Limerick out in front but Cork hurlers must focus on tricky qualifier path

Rebels last won two back-door games in same campaign in 2015
Limerick out in front but Cork hurlers must focus on tricky qualifier path

Darragh Fitzgibbon of Cork in action against David McInerney of Clare during the 2018 Munster hurling final in Thurles. Picture: Ray McManus/Sportsfile

AFTER Cork’s loss to Limerick in the Munster SHC semi-final, we felt that we were left with something of a what-if moment.

When Peter Casey fouled Conor Cahalane and was sin-binned, with Cork awarded a penalty, the Rebels led by two points after performing well up to then. Had Patrick Horgan found the net from the 20m line, it would have opened up a five-point lead with a ten-minute period of 15 men against 14 to come.

Unfortunately for Cork, Limerick goalkeeper Nickie Quaid saved Horgan’s shot and the Shannonsiders actually managed to draw level during the spell where they were a man down, before then firing in two goals in quick succession to lead by six at half-time.

It wasn’t exactly a comfort blanket in the wake of what was ultimately an eight-point loss, but there was a glint of a feeling that the All-Ireland champions’ invincibility could at least be pierced, forcing them to answer tough questions.

In Sunday’s Munster final, we got our answer as to what probably would have happened if Limerick had fallen five points behind – they’d have upped it a gear and produced the kind of hurling that few if any other teams can live with.

The third quarter of Sunday’s game was a sight to behold, unless you were from Tipperary. Having been disjointed in the first half, making the most un-Limerick-like mistakes, John Kiely’s men showed exactly why they are All-Ireland champions. Between the start of the second half and the water-break, they outscored their opponents by 1-10 to 0-1, eradicating the ten-point half-time deficit. Kyle Hayes’s wonder-goal after the action resumed helped to bed any doubts about the Treatymen completing the first provincial three-in-a-row since 1989, when Tipperary went back-to-back-to-back.

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Are they unbeatable? No, because nobody is. Cork have beaten Limerick in the recent past, not least 2019 in the Gaelic Grounds when the hosts were the reigning champions, as they are now. Are they incredibly difficult to beat? Well, how else would you describe a team that gave their opponents a ten-point start and still won by five?

Right now, it’s very difficult to see Limerick being denied what would be a third All-Ireland in four years – the last county other than Kilkenny to enjoy such a dynastic period was Cork’s three in a row from 1976-78 inclusive, though Galway (1987-88) and Cork (2004-05) have retained the title since then.

Looking at things from a Cork point of view, four straight wins would be needed in order to avoid a new longest drought between senior hurling All-Irelands, but any such talk is fanciful in its own right and overlooking the fact that Saturday’s qualifier against Clare in Limerick is a huge tie in and of itself.

While past performance is no guarantee of how things might go in the future, Cork have not tended to do well after losing their first Munster championship match – last year and in 2016 (the last before the introduction of the round-robin), they beat Dublin in the qualifiers but were then eliminated and, while there were two wins in 2016, against Wexford and Clare, the exit to Galway still came at the quarter-final stage.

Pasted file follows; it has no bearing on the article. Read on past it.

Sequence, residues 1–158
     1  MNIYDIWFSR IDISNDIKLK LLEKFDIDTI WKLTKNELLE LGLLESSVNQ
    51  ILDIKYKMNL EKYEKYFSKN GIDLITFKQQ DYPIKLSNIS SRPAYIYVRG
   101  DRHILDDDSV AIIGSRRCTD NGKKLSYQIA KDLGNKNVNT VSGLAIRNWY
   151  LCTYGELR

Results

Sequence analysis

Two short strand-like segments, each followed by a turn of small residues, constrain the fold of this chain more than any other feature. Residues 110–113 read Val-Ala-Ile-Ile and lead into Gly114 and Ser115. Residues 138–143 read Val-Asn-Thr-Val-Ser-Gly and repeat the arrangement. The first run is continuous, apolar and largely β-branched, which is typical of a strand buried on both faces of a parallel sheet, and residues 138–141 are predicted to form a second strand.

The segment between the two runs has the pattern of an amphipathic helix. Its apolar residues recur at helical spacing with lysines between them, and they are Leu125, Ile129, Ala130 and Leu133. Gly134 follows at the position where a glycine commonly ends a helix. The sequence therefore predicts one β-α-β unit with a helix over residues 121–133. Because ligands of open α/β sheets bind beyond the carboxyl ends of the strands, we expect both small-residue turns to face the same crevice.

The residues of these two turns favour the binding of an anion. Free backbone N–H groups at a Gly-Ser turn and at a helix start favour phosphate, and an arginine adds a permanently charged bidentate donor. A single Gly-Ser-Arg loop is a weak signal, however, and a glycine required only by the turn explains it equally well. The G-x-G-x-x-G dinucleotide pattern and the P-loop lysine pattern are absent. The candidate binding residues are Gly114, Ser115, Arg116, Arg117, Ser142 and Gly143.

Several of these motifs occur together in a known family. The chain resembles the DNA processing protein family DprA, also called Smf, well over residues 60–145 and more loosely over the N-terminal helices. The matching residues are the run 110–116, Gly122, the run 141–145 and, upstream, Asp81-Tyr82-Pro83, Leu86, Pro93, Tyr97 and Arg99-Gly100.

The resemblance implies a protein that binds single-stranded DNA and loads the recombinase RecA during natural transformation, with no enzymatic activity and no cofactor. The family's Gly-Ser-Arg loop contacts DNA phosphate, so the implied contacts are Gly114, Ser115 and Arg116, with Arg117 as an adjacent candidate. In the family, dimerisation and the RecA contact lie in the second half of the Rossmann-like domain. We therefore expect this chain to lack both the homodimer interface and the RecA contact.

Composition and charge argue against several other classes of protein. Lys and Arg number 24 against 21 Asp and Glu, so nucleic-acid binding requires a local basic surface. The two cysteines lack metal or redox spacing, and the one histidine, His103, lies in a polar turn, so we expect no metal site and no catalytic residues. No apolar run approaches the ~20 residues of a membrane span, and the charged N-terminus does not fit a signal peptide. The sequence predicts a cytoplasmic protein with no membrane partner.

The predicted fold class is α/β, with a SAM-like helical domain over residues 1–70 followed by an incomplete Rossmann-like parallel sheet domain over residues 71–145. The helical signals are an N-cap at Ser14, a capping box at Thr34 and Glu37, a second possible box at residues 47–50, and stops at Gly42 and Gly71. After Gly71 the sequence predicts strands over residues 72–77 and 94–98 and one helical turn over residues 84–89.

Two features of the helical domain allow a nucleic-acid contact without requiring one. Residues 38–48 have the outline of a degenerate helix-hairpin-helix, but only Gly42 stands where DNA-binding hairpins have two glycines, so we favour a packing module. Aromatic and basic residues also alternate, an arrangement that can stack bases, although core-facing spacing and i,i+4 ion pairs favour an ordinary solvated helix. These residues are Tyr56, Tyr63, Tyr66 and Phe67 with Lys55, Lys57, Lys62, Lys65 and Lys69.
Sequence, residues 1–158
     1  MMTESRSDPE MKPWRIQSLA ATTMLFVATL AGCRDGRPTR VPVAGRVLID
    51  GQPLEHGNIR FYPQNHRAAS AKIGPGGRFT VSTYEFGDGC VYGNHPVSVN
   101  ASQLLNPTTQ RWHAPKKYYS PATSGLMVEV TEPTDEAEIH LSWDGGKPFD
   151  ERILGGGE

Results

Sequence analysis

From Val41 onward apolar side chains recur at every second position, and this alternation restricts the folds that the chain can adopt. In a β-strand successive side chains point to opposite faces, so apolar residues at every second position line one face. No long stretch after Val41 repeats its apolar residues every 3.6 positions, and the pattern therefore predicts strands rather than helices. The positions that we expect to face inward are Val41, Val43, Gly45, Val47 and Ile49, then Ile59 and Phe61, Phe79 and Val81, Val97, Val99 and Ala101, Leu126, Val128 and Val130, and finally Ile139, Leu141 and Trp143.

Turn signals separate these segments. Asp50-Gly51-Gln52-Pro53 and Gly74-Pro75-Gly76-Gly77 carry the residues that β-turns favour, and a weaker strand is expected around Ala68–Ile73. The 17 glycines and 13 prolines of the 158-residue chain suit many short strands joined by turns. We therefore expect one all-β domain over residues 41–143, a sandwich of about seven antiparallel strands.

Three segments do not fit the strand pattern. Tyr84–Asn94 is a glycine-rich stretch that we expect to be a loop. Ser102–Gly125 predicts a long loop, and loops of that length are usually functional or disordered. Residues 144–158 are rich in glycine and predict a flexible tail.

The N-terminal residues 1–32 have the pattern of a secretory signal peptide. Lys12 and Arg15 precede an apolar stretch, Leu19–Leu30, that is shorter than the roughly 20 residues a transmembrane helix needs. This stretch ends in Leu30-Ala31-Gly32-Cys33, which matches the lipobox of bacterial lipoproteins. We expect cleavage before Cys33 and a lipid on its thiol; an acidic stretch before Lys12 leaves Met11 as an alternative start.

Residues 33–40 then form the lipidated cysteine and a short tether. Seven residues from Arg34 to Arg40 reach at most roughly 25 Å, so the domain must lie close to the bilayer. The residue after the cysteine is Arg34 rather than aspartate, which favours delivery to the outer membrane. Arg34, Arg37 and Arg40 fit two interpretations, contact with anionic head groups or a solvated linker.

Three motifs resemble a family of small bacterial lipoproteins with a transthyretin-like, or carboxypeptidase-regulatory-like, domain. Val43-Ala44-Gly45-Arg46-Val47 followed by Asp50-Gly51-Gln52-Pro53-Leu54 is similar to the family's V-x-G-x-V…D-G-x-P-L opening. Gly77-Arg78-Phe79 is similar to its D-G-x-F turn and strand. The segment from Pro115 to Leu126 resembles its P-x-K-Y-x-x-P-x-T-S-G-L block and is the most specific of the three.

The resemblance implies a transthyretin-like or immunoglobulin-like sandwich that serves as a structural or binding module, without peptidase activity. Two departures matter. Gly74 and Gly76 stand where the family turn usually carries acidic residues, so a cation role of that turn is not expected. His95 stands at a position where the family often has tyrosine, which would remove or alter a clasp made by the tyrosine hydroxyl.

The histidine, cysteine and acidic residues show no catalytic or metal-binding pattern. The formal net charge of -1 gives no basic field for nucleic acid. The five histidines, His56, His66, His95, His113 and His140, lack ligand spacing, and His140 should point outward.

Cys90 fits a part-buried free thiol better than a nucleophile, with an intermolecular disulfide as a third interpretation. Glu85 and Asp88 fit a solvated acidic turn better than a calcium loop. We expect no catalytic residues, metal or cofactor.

Though Cork did reach the All-Ireland final through the back door in 2013, they had made it through to the Munster final, beating Clare in a provincial semi, so the route to the showpiece day was achieved through All-Ireland quarter- and semi-final wins over Kilkenny and Dublin respectively.

The 2012 campaign, Jimmy Barry-Murphy’s first back in charge, was relatively successful, reaching the All-Ireland semi-final after a defeat in their first game in Munster. 

With Tipperary eliminating Cork from the provincial championship, they regrouped to overcome Wexford in the qualifiers and then Waterford at the quarter-final stage, eventually losing out in the semi-finals to a Galway side that was beaten by Kilkenny in the final but only after a replay.

Niall McCarthy, Cork, in action against Stephen Molumphy, Waterford, in 2012. Picture: Paul Mohan/SPORTSFILE
Niall McCarthy, Cork, in action against Stephen Molumphy, Waterford, in 2012. Picture: Paul Mohan/SPORTSFILE

Matching that achievement – two back-door wins to make it to a semi-final – would represent a good year for Cork, we feel, allowing something to build on for 2022 as more of the alumni from the 2020 All-Ireland U20 victory come on stream.

But, to state the bleeding obvious, you can’t win your second qualifier match until you win your first and Clare have the benefit of a win under their belts ahead of this weekend’s meeting on the Ennis Road.

That will count for something – and Clare have shown strong starts in all three of their championship matches in any case – so Cork have no excuses for being caught cold in the early stages.

Cork could go 10 points down and win, as Limerick did, but it’s something you’d only believe could happen once you’d witnessed it. The margin for error is slim to non-existent.


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